• There was no severe or pervasive sexual harassment where the supervisor allegedly put his arms around the employee’s shoulders, kissed the side of her face, called her into his office, locked the door, prevented her from escaping, removed her hand from the doorknob, and attempted to kiss her.[6]
  • A plaintiff could not show severe or pervasive sexual harassment where the supervisor allegedly sexually propositioned her, repeatedly touched her hand, requested that she draw an image of a phallic object, displayed a poster portraying the employee as the president and CEO of the “Man Haters’ Club of America,” and asked her to type a copy of the “He-Man Women Hater’s Club” manifesto.[7]
  • Sexual harassment was not severe or pervasive where the harasser allegedly asked the employee to watch pornographic movies with him, masturbate together, told her she would advance more quickly in the company if she caused him to orgasm, kissed her on the mouth, grabbed her buttocks, brushed her groin, reached for her genitals, and gripped her thigh.[8]

Kenneh Says Minnesota Courts Not Bound by Federal Cases

But in the Kenneh case, the Minnesota Supreme Court held that Minnesota courts are not bound by these restrictive federal cases. In her case, Ms. Kenneh has alleged that on numerous occasions over a five month period, her supervisor told her he liked beautiful women with beautiful legs, licked his lips in a suggestive manner, physically blocked her from leaving her office with his body, told her he liked to “eat women” and that he wanted to “eat [her],” simulated oral sex with his hand and tongue, called her sexy, pretty and beautiful, and stared at her for uncomfortably long periods of time. The district court and the Minnesota Court of Appeals dismissed her case, holding that under the “severe or pervasive” standard, this was not enough evidence for Ms. Kenneh’s case to go to a jury. The Minnesota Supreme Court reversed their decision, saying that it was up to a jury to decide whether the harassment was severe or pervasive.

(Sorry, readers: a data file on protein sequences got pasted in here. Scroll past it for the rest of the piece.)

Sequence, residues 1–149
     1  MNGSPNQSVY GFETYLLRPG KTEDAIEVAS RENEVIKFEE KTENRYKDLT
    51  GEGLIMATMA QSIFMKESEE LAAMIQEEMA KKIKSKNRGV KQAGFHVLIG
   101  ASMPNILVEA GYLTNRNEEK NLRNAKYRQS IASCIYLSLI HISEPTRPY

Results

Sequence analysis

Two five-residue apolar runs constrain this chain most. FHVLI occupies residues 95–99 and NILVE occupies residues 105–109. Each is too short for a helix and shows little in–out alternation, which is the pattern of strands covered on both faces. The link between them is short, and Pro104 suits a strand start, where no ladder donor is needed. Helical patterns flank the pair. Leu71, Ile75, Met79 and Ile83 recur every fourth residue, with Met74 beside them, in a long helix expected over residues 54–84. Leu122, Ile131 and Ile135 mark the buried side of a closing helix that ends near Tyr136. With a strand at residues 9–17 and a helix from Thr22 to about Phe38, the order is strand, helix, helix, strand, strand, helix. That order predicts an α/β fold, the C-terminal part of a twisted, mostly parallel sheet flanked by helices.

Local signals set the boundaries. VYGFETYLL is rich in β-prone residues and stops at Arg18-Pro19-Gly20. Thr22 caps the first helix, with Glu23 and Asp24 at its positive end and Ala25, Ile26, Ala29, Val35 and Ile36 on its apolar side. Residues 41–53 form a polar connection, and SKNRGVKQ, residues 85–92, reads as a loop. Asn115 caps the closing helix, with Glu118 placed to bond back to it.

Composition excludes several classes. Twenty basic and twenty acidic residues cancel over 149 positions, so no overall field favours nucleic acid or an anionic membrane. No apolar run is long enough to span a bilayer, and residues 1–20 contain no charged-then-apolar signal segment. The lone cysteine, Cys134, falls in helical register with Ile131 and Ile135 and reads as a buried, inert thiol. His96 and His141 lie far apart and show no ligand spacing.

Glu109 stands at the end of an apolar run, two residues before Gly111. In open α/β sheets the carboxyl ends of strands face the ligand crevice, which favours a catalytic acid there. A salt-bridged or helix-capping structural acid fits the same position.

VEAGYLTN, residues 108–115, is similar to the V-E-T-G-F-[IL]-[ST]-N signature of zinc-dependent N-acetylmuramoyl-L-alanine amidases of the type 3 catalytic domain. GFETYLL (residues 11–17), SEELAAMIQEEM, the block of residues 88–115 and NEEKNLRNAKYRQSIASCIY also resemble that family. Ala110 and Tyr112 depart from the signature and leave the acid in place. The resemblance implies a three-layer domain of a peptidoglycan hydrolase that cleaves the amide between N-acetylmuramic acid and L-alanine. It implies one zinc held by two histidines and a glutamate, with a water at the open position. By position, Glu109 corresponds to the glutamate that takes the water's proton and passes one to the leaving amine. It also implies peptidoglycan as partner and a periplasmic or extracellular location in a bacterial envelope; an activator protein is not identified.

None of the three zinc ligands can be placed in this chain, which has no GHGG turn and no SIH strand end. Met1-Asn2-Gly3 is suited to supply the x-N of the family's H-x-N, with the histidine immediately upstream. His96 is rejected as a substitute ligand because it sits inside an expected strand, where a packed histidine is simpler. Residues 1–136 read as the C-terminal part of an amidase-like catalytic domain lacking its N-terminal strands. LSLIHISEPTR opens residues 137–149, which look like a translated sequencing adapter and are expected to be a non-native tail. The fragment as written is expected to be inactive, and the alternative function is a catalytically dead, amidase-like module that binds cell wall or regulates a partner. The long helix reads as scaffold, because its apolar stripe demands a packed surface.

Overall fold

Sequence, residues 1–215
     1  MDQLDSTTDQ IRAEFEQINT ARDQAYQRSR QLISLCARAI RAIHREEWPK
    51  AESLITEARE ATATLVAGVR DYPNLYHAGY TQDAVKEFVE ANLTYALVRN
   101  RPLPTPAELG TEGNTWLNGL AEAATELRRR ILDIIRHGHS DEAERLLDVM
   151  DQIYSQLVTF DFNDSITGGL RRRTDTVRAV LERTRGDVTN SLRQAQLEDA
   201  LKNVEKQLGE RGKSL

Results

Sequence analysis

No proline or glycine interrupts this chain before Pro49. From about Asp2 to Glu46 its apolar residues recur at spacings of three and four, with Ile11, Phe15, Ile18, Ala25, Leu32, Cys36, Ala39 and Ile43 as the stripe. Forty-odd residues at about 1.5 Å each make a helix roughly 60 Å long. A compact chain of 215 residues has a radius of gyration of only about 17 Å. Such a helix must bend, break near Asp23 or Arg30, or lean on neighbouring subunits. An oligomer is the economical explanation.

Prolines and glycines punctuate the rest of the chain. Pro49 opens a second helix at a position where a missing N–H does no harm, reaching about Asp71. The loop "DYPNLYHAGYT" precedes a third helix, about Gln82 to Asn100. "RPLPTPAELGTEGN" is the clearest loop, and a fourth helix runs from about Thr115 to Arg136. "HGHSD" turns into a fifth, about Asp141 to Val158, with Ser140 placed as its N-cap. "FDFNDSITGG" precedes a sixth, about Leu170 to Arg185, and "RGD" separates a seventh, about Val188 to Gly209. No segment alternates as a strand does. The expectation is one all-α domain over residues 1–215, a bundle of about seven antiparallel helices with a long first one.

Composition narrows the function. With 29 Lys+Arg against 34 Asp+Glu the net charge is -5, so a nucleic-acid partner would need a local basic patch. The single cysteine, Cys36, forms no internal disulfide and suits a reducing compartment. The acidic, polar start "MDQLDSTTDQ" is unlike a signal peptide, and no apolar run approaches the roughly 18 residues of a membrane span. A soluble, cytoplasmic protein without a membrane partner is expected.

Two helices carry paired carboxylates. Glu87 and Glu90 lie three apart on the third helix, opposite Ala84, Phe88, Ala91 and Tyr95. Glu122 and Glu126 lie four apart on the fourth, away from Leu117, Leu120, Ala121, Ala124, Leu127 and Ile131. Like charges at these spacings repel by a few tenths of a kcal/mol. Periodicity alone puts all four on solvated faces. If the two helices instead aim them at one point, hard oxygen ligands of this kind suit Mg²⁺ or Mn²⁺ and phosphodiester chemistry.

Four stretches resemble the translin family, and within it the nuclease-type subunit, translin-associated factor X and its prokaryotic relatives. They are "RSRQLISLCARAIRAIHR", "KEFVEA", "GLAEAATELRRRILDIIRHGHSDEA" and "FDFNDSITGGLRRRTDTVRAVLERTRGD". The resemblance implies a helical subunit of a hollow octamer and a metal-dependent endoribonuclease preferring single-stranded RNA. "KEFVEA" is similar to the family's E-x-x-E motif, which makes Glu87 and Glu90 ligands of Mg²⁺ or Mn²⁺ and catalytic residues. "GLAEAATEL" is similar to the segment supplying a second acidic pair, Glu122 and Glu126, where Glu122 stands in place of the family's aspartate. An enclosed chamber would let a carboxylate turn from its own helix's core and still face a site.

In Kenneh, the Court held that the MHRA provides broader employment protections than federal law, and must be interpreted as such. The Minnesota Supreme Court also noted that attitudes and social norms about what constitutes acceptable and unacceptable workplace behavior are changing. It told the lower courts that they must take this into account when deciding whether conduct is severe or pervasive, rather than relying on old, restrictive federal cases. Most importantly, the justices cautioned Minnesota courts from deciding whether conduct is severe or pervasive enough, and said instead that a jury should make those determinations in most cases. This means that more victims of sexual harassment in Minnesota will now get their day in court to present their case to a jury of their peers. This is a huge step forward for victims of sexual harassment in Minnesota workplaces.

If you believe you have been the victim of sexual harassment in the workplace, we encourage you to reach out to our firm to speak with an experienced employment attorney for advice.


[2] Compare Cont’l Can Co. v. State, 297 N.W.2d 241 (Minn. 1980), with Meritor Sav. Bank, FSB v. Vinson, 477 U.S. 57 (1986).

[3] Harris v. Forklift Sys., Inc., 510 U.S. 17, 21 (1993).

[4] Nitsche v. CEO of Osage Valley Elec. Coop., 446 F.3d 841, 846 (8th Cir. 2006).

[5] Rickard v. Swedish Match North America, Inc, 773 F.3d 181, 183 (8th Cir. 2014).

[6] McMiller v. Metro, 738 F.3d 185, 186–87 (8th Cir. 2013).

[7] Duncan v. General Motors Corp., 300 F.3d 928, at 931–35 (8th Cir. 2002).

[8]LeGrand v. Area Resources for Community and Human Services, 394 F.3d 1098 (8th Cir. 2005).